1. A.S.A., thanks for the nice words. I know, my website is just terrible. I like it when people visit — and thank goodness you say hello, now and again — but I know how to do NOTHING. Well, I can format books and design book covers, which isn’t exactly nothing, but I’m awful at the social media thing. The only time I send out emails via MailChimp is when I have a new story coming out. The people on my mailing list are usually surprised when I pop up in their in-box.

        I keep hoping my partner will take over and fix things. Instead, he watches football and eats the worst candies in the world. Good thing he’s fairly wonderful in other aspects of life.

        1. Man, I wish I could format books and design covers! πŸ™‚

          So you already have MailChimp. That’s a great start. I’m guessing you’re not on WordPress? I used these instructions to use RSS (no idea what that is, but I didn’t need one) to automatically send an email each time I post: http://www.wpbeginner.com/wp-tutorials/how-to-add-email-subscriptions-for-your-wordpress-blog/ but I’m not sure how well they adapt to other platforms. Let me know if I can help with anything.

  5. Yay, I’m glad your site is up and running again! I love this post, I can totally relate. I have no idea what I’m doing with my life. I always thought that by the time I’m pushing forty I’ll definitely have everything figured out, but nope. Still ambling in the woods without a compass. Well, at least there’s Google. πŸ˜€

    1. I’m glad my site is running again too, though I have a few new grey hairs to show for it.

      I thought when I was “grown up” I’d know everything. Ha! I’m so glad I live in the age of Google – otherwise I’d have to talk to librarians, and we all know librarians are scary.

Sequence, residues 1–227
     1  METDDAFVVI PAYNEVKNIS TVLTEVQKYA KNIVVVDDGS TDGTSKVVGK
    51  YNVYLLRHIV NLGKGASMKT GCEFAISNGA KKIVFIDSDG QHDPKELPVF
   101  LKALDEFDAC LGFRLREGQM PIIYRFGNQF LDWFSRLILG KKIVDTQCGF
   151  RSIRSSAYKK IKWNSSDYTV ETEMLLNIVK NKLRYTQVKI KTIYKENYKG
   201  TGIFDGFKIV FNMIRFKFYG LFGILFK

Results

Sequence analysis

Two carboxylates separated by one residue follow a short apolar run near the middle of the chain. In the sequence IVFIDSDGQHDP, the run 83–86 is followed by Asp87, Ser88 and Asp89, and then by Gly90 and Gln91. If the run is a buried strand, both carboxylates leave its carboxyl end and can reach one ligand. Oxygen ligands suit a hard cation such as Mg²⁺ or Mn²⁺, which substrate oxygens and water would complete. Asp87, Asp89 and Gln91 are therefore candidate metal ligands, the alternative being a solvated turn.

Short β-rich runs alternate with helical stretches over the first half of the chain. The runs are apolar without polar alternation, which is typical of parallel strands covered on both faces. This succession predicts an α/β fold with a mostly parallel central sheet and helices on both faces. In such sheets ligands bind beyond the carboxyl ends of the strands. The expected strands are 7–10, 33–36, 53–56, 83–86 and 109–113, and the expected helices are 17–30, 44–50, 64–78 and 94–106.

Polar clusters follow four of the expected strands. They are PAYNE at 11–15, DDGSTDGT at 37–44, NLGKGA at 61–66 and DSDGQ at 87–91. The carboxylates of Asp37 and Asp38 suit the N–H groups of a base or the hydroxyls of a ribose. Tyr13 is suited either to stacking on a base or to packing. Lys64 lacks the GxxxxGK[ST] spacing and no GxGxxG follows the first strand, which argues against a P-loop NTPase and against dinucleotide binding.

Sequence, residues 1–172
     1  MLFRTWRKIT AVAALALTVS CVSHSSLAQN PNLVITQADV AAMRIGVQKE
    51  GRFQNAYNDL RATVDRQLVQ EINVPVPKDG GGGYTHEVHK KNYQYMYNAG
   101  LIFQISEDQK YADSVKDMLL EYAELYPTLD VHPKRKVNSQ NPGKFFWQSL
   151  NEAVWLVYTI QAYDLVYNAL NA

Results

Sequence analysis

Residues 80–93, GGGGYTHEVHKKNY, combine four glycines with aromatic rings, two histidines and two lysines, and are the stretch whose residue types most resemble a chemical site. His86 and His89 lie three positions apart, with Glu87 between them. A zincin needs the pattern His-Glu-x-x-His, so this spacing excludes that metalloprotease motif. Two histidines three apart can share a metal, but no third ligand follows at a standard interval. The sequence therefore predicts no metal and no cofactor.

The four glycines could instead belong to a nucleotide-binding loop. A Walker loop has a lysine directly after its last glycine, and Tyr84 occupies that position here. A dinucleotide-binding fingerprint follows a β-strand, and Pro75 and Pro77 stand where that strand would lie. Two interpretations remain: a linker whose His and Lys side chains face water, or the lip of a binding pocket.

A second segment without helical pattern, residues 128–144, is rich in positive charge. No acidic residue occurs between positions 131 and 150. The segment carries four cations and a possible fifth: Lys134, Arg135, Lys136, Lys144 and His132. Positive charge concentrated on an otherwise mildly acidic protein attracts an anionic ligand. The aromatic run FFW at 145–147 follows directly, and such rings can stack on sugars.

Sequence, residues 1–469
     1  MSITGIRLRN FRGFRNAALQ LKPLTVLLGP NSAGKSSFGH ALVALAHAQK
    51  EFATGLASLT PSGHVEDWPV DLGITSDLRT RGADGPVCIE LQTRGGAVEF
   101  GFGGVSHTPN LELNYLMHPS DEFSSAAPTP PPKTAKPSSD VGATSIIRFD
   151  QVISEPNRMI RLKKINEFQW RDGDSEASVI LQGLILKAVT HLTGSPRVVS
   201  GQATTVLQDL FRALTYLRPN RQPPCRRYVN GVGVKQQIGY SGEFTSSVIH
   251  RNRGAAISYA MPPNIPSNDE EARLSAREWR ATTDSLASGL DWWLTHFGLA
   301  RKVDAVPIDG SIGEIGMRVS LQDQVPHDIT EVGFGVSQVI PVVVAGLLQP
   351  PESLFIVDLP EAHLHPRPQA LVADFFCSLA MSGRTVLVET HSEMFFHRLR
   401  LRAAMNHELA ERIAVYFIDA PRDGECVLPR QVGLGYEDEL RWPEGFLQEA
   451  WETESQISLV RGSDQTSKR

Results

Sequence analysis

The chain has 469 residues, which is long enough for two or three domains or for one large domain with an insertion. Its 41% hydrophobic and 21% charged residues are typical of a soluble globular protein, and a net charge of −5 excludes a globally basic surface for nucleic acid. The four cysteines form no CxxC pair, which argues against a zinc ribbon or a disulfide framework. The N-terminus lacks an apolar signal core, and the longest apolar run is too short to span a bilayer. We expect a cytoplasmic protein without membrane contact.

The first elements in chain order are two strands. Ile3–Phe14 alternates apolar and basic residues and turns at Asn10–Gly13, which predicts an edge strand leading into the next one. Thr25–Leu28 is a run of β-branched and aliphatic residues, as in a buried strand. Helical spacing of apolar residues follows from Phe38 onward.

6. I’m definitely in the wandering around confused crowd. I never quite know how to get what I want. Still, I know there are plenty of people out there who have given up on dreams because they figured a particular career path (or family path) was the “right” way to go. I’m getting to where so many of the grown-ups who always seemed like they had it together are retiring and going off to do what they “really” wanted, as if that’s the reward for pretending well all those years.

    1. And that’s the cool thing – it’s never too late to decide what you thought you wanted involves too many ties and uncomfortable shoes, and to pack up and do something involving a lot more pajamas and kittens. I like what I do, but sometimes I wonder if i wouldn’t like something else a whole lot more.

  7. I like to wander… But I’d also like an OS map in my back pocket in case if catastrophic lostness. Best way to be surprised is to walk without direction, but it’s reassuring to have a signpost from time to time. Even if you have a map, you don’t need to follow it. πŸ˜‰

    1. That’s a great philosophy. A map shows you what’s there, it doesn’t tell you where you have to go.